Calvinism

Calvinism accepts the main Christian doctrines as set forth in the early creeds of the Church. It gives special prominence to the doctrines of the sovereignty of God and the redeeming work of Christ. It follows the doctrine of the sovereignty of God to what is seen as its logical conclusion, teaching that God has destined some to salvation and others to damnation. Efficacious grace is given to the elect to ensure their perseverance until they attain salvation. At the same time Calvinism has never minimised the mercy of God nor has it refrained from offering salvation to all who will hear. It received its classic exposition in the Institutes of calvin and in his great commentaries on the Scriptures. The Westminster Confession is the most thorough English exposition of Calvinism, and has shaped much Protestant and Puritan thought. Calvinism is also associated with a form of church government by presbyters and by a system of church courts such as is to be found in churches associated with the World Presbyterian Alliance. Calvinism inspired and reinforced national movements such as those associated with Huguenots, Puritans and colonial pioneers.

Calvinism is the theology and system of church government formulated by John Calvin and followed by Reformed, or Presbyterian, churches. Its principles were first published in Calvin's The Institutes of the Christian Religion in 1536. Calvinist theology is based on a belief in the omnipotence of God and the utter sinfulness of all men. According to the characteristic Calvinist doctrine of predestination, God has willed most men to eternal damnation as they deserve, but in His mercy, He has chosen a few "elect" to be saved.

No one can win salvation by atonement or good works. The elect are saved only by God's grace, sent to them through the Bible and Christ. The sacraments of baptism and the Lord's Supper reaffirm God's grace to the elect. Although the individual will never be sure that he is of the elect, his faith in God will give him an inner sense of salvation that is expressed outwardly in righteous conduct and good works. Cal-vinists are thus inspired to lead virtuous, hard-working lives so as to indicate that they may be of the elect.

The Calvinist theory of church government provides that each congregation shall be ruled by sessions composed of presbyters, or elders, including ministers and elected laymen. Representatives of these sessions form presbyteries and synods that govern groups of churches. This democratic form of ecclesiastical government has influenced political development in England and the United States.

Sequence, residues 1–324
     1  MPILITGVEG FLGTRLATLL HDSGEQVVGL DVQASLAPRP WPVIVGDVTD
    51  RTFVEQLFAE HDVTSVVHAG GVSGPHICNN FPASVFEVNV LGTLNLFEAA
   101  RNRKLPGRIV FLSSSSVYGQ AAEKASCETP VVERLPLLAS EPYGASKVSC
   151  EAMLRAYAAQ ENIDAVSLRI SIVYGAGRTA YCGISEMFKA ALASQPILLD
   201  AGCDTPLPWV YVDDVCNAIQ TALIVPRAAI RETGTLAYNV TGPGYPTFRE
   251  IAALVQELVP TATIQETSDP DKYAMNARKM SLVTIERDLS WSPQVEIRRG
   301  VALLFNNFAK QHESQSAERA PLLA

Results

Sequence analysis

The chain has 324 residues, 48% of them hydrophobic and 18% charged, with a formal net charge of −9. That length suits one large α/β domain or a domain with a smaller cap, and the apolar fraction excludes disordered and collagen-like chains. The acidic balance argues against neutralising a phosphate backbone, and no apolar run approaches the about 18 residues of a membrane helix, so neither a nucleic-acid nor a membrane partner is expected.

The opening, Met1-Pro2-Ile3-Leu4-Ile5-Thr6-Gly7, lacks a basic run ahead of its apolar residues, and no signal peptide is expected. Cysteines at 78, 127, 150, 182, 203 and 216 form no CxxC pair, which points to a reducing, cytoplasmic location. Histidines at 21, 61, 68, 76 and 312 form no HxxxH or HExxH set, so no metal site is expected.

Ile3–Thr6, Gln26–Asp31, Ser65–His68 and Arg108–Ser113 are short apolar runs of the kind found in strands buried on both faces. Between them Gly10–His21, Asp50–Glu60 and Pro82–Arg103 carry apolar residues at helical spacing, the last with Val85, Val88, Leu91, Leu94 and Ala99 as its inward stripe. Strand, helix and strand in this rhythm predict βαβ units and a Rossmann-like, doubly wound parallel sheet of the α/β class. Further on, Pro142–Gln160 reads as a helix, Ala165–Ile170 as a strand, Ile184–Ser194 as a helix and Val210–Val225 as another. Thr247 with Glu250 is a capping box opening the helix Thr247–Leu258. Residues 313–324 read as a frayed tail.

Calvin believed the function of the state to be the protection of law and order as defined in the Ten Commandments. Every Christian was required to take part in the work of the state. Originally, Calvin intended that the church should control the state, but since Calvinists are a minority in most countries, they have encouraged freedom of worship.

Calvinism was the religion of the Huguenots of France and became the official religion of Geneva, of the Netherlands, and of Scotland under John Knox.

Its doctrines were embraced by the English Puritans and brought by them to America. Although modern Reformed churches have modified many of Calvin's beliefs, Western principles of individual freedom and democracy are derived in part from Calvinist philosophy.

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Comments 3 comments

James A Watkins profile image

James A Watkins 6 years ago from Chicago

Well done! I thoroughly enjoyed this exposition and your concepts are right on target. Thank you for a good read.


PlanksandNails profile image

PlanksandNails 5 years ago from among the called out of the ekklesia of Christ

("Calvinism is the theology and system of church government formulated by John Calvin")

A very good explanation of another man-made religious ism which are often modified because of it's fallibilities.


lizzieBoo profile image

lizzieBoo 5 years ago from England

This is very enlightening thank you. What a bummer if you're not one of the elect. All very interesting. Now I must see how this contrasts with Lutheranism.

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